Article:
“This is not something that Australia alone is asking for,” Australian Foreign Minister Penny Wong said.adding that the entire region was concerned.

A Lowy Institute survey released in June found that Australians are increasingly concerned about their country’s biggest trading partner. Three-quarters of those surveyed said China was at least somewhat likely to become a military threat to Australia in the next 20 years, an increase of 30 percentage points from 2018.

A Pew Research Center survey the same month found that negative views of China are at or near record highs in many of the 19 countries surveyed in North America, Europe and Asia.

Relations between London and Beijing have soured since President Xi Jinping received a state visit in 2015 that the UK government hoped would cement deals to give Britain a lot of investment and China greater access to foreign goods. European markets.

Johnson, who came to power in 2019, always emphasized that he was not an “instinctive Sinophobe”, but under pressure from the US, his government barred Chinese companies from the UK’s 5G communications network. Britain has also welcomed thousands of people from Hong Kong as Beijing squeezes freedoms in the former British colony.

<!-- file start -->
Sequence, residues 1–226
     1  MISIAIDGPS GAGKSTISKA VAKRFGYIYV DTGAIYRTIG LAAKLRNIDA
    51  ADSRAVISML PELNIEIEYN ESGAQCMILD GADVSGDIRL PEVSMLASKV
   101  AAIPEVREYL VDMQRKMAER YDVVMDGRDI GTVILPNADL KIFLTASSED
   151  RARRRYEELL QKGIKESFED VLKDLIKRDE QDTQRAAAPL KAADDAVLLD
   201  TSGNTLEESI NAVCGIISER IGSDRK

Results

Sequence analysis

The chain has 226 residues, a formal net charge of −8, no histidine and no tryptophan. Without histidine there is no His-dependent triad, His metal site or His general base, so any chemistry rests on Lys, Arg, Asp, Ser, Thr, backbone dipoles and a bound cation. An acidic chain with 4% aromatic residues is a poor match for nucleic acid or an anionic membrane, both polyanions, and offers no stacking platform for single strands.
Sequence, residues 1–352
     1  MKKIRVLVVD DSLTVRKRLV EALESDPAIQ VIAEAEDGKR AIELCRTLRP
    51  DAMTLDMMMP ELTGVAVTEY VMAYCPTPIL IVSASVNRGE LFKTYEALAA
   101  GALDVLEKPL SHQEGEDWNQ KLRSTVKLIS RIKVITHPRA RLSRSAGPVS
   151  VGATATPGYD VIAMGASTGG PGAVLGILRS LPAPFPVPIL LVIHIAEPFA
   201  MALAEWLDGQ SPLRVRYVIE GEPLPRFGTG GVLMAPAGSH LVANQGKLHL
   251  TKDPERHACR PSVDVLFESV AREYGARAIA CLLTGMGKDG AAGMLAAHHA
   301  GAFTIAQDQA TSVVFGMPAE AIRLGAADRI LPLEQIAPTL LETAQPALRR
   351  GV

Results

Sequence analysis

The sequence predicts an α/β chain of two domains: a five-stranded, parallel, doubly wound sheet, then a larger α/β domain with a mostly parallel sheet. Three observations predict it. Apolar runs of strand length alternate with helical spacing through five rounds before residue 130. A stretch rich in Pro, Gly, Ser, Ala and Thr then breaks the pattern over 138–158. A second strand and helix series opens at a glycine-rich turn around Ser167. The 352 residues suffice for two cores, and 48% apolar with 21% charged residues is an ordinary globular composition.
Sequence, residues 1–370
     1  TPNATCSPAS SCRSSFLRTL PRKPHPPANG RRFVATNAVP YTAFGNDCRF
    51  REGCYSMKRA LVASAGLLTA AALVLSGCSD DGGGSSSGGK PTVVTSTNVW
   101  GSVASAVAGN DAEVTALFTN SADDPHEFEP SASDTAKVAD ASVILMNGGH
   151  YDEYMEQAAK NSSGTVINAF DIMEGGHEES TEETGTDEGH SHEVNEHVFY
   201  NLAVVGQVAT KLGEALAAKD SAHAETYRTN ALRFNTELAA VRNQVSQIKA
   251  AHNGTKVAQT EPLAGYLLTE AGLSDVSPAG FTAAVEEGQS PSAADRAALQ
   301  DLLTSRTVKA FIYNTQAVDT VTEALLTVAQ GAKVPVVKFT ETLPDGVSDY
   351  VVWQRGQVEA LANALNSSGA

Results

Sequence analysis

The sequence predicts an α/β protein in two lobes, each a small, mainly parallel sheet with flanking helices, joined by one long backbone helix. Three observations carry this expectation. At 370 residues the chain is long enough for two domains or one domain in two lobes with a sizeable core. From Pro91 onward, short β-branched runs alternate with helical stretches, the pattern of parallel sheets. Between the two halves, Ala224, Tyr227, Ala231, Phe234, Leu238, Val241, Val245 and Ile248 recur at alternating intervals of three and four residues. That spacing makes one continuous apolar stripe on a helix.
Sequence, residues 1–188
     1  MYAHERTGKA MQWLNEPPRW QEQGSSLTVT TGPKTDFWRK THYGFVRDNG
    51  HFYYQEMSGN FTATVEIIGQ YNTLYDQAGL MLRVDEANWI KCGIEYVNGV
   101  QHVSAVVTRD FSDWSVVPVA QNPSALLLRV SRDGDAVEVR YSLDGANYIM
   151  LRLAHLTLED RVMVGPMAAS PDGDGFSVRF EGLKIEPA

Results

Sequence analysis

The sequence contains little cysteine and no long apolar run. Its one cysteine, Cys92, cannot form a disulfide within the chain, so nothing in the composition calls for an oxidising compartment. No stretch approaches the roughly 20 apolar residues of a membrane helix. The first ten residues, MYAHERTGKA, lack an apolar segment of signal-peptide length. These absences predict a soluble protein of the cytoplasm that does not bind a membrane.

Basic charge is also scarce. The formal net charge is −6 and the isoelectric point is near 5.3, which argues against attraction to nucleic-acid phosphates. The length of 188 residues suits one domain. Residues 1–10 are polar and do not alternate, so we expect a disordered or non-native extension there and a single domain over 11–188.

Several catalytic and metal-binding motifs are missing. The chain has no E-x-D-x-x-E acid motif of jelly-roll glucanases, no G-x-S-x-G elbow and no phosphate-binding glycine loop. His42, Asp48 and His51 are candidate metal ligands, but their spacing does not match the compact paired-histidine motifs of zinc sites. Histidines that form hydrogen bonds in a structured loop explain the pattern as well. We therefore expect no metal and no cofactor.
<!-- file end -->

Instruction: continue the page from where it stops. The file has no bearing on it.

The head of the MI6 intelligence agency, Richard Moore, said last month that China had overtaken terrorism as its top priority, as British spies try to understand the threats that Beijing’s growing assertiveness could pose.

“That feels like a great moment, post-9/11,” Moore said.

The United States is also changing intelligence resources to China.

However, China experts say much of the rhetoric from Western politicians is just political bragging.

Steve Tsang, director of the China Institute at the University of London’s School of Oriental and African Studies, said that none of the candidates seeking to be Britain’s next prime minister had articulated a coherent policy on China. The winner will be announced on September 5 after a vote by the Conservative Party.

“The indications are that (Sunak’s) words about China’s policy are not based on any kind of strategy,” Tsang said. “Nor has Trus articulated a proper strategy for China, despite being the current foreign secretary.”